Czech It Out 2



by Tziona Breitbart

High: Celebrating Purim with an elderly woman. The local Jewish Youth Organization delivers Mishloach Manot (Jewish gift-bags filled with delicious foods) to the elderly throughout Prague every Purim. When I heard about this opportunity, I could not help but hold back my excitement to interact with the elderly in this community and celebrate Purim with them. I was lucky enough to be able to visit Hana Hnatova, the sister of renowned Czech author Arnost Lustig, in her home. Entering into her apartment, I immediately felt honored to be able to visit this beautiful woman who has experienced so much in her life and continues to smile constantly. When she opened the door she immediately smiled and expressed great gratitude for bringing her Mishloach Manot and visiting her. She reminded me of my grandma back at home and I instantly felt like I was home for a short period. My visit lasted for over two hours in which we talked about her family, life in Prague, and her life. I did not want to leave her. Being in the presence of this woman who survived the Holocaust and continues to be happy that she is Jewish and alive touched me deeply. She shows no pain, but rather thankfulness and love for those around her. At one point, she gave me the biggest hug and kiss simply because she was happy to have a young individual visiting her. While my visit may have only been for a limited amount of time, the interaction will forever stay with me. I am hoping to go visit her again and learn even more about her and make her smile again.



Low: Emotional low. This past month has been filled with intense experiences that I am grateful for being able to have. My first visit to a physical location of the Holocaust scared me tremendously. I did not know what to expect or how I would react to being in a place of such atrocity and destruction. As the journey approached, I began to become very anxious about it, but knew that it was something I needed to do. I traveled with my program to Lidice and Terezin. Before visiting Lidice, I knew very little about what occurred there and how the Nazis annihilated the village. In retaliation of Heydrich’s assassination, the Nazis murdered all the men and children, and sent the women to a concentration camp. A village that was once filled with laughter and enjoyment, stands today with a new village built in its name nearby, but the village itself is now a place where nature grows and memories remain.

My program then visited the Theresienstadt concentration camp in which a survivor of the camp showed us around. Visiting Theresienstadt was extremely difficult for me as my great Uncle and great-great grandparents were taken from there home in Vienna and forcefully brought here. Only my great Uncle survived. While at the camp, I could not stop questioning how this could happen to individuals. How can humanity be this cruel? While seeing a place where my family may have perished was extremely difficult it also brought me closer to them. I will never know how they suffered, but I now have visited the site of their suffering and made their identities known.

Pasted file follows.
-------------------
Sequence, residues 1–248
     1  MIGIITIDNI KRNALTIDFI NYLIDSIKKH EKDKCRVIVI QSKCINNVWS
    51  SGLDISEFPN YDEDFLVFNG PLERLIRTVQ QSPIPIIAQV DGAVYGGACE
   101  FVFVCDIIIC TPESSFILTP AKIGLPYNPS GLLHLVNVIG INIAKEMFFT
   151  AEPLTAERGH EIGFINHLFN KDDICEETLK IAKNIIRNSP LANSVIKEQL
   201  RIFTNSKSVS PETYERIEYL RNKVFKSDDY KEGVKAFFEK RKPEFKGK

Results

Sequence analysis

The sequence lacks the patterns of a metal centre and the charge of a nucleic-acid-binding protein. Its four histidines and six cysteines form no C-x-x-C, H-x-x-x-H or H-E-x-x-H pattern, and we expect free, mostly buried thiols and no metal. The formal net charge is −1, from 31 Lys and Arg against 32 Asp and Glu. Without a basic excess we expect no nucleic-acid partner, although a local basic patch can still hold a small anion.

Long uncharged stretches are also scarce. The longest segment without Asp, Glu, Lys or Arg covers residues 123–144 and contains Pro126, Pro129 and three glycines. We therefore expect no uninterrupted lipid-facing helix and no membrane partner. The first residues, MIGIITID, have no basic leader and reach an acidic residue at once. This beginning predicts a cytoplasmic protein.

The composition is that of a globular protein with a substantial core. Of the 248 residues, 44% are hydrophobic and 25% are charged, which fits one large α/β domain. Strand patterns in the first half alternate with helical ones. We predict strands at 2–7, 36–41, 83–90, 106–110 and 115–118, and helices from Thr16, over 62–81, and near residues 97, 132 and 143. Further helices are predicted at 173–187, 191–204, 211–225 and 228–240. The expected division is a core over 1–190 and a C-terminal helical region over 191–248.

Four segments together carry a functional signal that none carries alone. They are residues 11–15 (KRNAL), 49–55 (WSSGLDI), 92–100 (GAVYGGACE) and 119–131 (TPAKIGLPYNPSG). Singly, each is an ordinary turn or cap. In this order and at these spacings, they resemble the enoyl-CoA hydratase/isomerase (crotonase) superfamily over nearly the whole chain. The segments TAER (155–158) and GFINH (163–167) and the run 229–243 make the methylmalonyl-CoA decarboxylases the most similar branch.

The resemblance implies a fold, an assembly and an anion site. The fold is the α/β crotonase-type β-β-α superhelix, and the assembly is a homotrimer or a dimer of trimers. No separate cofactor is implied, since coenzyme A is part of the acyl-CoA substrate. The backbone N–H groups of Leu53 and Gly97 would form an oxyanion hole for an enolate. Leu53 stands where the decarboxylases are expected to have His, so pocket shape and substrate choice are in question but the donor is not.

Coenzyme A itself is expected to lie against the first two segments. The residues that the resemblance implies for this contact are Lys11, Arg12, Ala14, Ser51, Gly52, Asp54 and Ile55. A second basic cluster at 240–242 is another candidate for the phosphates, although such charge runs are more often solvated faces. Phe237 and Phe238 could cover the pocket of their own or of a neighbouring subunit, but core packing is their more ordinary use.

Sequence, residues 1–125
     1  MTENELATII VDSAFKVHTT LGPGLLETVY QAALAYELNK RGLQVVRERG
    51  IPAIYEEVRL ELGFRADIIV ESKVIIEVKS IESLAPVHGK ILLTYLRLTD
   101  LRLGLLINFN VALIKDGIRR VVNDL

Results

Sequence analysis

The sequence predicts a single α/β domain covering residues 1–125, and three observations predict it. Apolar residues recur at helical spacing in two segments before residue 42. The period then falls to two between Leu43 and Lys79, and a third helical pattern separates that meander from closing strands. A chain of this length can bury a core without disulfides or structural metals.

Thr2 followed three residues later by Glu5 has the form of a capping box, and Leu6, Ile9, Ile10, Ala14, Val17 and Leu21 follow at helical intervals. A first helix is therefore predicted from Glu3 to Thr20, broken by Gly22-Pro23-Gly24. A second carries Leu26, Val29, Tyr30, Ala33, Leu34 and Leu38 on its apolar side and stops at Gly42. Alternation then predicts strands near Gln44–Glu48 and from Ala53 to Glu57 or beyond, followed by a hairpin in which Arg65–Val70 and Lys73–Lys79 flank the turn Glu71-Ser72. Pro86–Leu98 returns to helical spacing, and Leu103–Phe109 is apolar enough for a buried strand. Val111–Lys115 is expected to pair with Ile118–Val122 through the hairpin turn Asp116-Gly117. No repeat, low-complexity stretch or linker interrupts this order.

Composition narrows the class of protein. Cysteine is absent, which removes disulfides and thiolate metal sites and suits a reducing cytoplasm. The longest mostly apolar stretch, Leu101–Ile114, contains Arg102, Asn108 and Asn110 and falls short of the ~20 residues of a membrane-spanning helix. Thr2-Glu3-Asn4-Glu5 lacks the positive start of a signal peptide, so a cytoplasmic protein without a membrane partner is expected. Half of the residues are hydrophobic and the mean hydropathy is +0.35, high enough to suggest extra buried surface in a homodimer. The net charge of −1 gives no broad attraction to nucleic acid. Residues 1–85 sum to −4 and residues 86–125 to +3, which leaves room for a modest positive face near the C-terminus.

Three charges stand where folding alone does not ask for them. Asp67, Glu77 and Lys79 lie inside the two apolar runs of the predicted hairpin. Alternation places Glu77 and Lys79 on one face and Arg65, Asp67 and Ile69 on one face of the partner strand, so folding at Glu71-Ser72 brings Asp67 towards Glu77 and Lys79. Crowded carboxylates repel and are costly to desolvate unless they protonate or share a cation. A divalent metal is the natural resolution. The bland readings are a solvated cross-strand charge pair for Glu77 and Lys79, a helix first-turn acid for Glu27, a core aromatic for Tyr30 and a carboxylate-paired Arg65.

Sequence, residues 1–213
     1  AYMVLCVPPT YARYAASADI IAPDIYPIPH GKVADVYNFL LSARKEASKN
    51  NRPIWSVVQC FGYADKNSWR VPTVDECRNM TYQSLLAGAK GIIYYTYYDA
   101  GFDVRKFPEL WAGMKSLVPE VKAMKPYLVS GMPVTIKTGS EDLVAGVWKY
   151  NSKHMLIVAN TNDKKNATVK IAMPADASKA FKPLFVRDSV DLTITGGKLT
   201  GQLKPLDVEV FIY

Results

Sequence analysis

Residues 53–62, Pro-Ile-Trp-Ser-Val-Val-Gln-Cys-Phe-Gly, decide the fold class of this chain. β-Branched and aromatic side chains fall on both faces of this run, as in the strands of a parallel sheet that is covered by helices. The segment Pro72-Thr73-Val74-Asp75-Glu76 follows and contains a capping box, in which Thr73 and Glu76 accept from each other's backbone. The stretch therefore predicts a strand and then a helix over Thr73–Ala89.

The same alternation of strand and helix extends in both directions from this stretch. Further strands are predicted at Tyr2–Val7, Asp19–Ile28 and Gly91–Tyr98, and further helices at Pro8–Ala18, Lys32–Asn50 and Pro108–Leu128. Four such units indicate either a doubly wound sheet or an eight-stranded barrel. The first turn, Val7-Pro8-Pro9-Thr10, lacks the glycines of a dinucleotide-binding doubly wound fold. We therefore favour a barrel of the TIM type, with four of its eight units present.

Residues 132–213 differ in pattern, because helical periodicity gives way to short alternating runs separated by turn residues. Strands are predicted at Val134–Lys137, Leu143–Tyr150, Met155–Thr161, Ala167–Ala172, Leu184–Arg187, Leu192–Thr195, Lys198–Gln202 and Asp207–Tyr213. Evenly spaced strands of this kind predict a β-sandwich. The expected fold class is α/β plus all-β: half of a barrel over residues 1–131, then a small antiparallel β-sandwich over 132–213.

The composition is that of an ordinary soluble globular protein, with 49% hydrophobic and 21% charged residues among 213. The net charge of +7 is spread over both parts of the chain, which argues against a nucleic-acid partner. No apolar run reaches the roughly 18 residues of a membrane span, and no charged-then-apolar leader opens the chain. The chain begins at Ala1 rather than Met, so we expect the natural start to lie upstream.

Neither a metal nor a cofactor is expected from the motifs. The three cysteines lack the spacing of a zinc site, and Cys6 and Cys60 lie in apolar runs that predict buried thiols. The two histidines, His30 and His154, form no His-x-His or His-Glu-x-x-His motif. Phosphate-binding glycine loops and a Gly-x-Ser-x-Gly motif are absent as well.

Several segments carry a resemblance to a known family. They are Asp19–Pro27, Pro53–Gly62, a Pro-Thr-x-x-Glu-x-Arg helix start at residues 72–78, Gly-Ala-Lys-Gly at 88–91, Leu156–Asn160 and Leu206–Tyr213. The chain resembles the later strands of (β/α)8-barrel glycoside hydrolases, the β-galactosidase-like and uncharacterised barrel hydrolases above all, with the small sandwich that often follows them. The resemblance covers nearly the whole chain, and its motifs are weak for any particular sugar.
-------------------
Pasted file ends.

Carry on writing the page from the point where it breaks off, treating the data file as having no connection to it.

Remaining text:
Glitter: Connecting to my family’s past and present. This past month has been filled of experiences I never thought I would have traveling to Prague. During the past month, I have met family members for the first time and visited where my family originated from in Vienna.   I met my cousins from Israel in Berlin by chance. I found out right before my travels that I had a relative living there and that his dad would be visiting there this weekend. Meeting them was incredible as it gave us the opportunity to put our family map together and meet where our family lived after WWII. It made me realize that family is everywhere and whether close or nearby you will always be connected.

To continue this journey of learning about my family, I travelled to Vienna where my dad’s side of my family lived before the Holocaust. While in Vienna I visited the apartment building of where my grandpa, great uncle, and great-great grandparents once lived and owned a store. Visiting this place made me feel connected to a past I never thought I would be able to connect with. Being in the exact location where my family used to live happily, until they were forced out due to their religion, felt sad and beautiful simultaneously. Knowing the pain my family must have endured, especially my grandpa who I knew personally, crushed me. I am so thankful and honored that I was able to walk on the same streets as he once did and to see a side of my family I never thought possible. Seeing where my grandpa grew up showed me a part of his life that remained unknown to me. As I leave Vienna, I followed my family’s past and now I will go forward with them forever in my heart.

Tziona BreitbartTziona Breitbart is a junior at Smith College. She is studying abroad in Prague, Czech Republic during the 2015 spring semester. She looks forward to exploring the culture and learning about the enriched history of the area. While abroad she will be interning with the Aspen Institute Prague. At Smith she is a history major, concentrating in Russian history, and a community engagement and social change concentrator.

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